Nobody remembers this, because, later that year, President Nixon vetoed the Comprehensive Child Development Act, declaring that it ‘would commit the vast moral authority of the National Government to the side of communal approaches to child rearing’ and undermine ‘the family-centered approach.’ He meant ‘the traditional-family-centered approach,’ which requires women to forsake every ambition apart from motherhood.”
I didn’t know that!
PS This article also has the most exceedingly clever title: “Lift and Separate.” Get it?
By the year 1918, America was ready for peace. The Great War in Europe was finally coming to a close, and more than a hundred thousand American lives had already been claimed in trench warfare there. However, something much deadlier than war was about to afflict the American people – epidemic. In the winter of 1918, an unusually large number of people began dying from influenza. It started in a small town in Kansas, where over five hundred people had suddenly fallen ill. The disease then spread rapidly all over the world, from North America to Europe and even to Far East Asia. It had a large mortality rate, killing about 15% of its victims and over 50 million worldwide.Unlike previous diseases, the flu affected the young and healthy just as much as it did the weak and elderly. At the peak of the influenza pandemic, about a quarter of Americans were diagnosed with the sickness. The American Red Cross issued face masks for people to wear in an attempt to prevent infection. Ordinances were put in place to prohibit the gathering of many people in one place. In an effort to raise morale during the final months of war, the government limited public press concerning the spread of the flu, as did the leaders of many other countries involved in the war. Since Spain was a neutral nation and had no such censorships, the disease became known as the Spanish influenza. By the pandemic’s end in 1920, almost 675,000 Americans had died from influenza – almost six times as many killed during combat in the war.2 Though the United States succeeded in ending a war that was killing its people, the main source of death during the Great War era ended up being a factor beyond its control. Posted by Laura Mancini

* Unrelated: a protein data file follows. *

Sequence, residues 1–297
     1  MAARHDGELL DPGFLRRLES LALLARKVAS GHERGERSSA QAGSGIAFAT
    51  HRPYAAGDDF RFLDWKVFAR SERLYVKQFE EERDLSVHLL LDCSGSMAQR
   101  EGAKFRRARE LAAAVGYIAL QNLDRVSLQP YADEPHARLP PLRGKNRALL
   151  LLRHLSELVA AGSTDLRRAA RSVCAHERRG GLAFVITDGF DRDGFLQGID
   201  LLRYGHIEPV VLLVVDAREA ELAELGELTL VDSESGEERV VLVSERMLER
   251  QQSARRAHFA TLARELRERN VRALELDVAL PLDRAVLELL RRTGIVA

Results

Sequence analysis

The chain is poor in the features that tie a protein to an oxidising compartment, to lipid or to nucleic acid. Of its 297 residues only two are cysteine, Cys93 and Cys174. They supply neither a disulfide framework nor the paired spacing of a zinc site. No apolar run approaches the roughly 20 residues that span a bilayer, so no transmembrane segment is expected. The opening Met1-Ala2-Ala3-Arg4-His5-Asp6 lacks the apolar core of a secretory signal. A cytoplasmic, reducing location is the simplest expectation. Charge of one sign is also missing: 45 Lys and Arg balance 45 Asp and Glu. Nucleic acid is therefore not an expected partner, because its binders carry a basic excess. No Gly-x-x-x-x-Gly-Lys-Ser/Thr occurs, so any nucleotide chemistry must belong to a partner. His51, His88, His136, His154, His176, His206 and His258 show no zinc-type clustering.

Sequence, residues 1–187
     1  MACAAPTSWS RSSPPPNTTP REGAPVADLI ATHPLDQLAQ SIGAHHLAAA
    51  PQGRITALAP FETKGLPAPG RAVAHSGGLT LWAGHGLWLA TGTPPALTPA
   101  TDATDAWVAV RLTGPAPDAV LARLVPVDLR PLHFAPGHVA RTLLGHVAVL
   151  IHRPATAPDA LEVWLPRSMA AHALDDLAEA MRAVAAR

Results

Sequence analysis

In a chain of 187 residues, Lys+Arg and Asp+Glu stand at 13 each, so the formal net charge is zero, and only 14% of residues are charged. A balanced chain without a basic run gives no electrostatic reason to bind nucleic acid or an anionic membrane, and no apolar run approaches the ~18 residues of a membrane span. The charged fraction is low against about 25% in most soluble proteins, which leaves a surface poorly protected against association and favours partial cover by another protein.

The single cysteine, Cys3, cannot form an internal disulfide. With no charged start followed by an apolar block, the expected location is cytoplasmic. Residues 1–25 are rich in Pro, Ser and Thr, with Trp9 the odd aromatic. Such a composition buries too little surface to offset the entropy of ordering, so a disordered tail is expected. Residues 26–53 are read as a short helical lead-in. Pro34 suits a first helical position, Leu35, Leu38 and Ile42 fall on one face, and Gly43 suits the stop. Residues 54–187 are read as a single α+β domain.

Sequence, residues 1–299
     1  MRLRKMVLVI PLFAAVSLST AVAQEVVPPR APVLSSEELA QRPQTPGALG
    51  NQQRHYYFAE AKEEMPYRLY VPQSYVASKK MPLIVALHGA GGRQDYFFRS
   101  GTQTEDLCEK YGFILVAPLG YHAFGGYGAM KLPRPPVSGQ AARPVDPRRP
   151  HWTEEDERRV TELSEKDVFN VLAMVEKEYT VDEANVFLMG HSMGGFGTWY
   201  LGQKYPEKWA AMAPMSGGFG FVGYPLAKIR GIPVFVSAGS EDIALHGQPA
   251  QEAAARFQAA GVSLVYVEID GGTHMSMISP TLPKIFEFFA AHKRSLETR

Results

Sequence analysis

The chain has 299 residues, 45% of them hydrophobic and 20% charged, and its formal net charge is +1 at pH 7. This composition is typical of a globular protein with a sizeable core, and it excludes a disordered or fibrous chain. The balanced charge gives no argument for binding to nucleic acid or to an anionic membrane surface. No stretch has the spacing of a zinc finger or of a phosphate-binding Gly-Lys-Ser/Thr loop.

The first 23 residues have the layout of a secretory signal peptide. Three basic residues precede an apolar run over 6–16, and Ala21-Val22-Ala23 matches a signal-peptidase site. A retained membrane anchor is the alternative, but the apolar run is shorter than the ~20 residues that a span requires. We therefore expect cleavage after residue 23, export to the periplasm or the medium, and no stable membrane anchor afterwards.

Just in time for Labor Day, Slate writer Timothy Noah launched a new series called The Great Divergence, which attempts to explain what he calls “the most profound change in American society in your lifetime”: the growing gap between the people who have a lot of money, and the people who have less. Noah points out that in 1915, 1 percent of the American people had 18% of the nation’s wealth—a fact, he adds, that disturbed sociologists studying income distribution, and was partially responsible for the institution of an income tax, to keep angry socialists from gaining too much traction with the poorer masses. Meanwhile, in our day and age, the top 1% has 24% of our total income, and nobody’s too concerned (well, except Noah). Noah writes:
All my life I’ve heard Latin America described as a failed society (or collection of failed societies) because of its grotesque maldistribution of wealth. Peasants in rags beg for food outside the high walls of opulent villas, and so on. But according to the Central Intelligence Agency (whose patriotism I hesitate to question), income distribution in the United States is more unequal than in Guyana, Nicaragua, and Venezuela, and roughly on par with Uruguay, Argentina, and Ecuador.
Most interestingly, when it comes to the themes of this course, in the coming parts of this series Noah’s going to explore possible historical rationales for this change. Could this have happened because of “race, gender, the computer revolution, immigration, trade, government policies, the decline of labor, compensation policies on Wall Street and in executive suites, [or] education”? My guess regarding the answer? A little bit of this, a little bit of that. Stay tuned.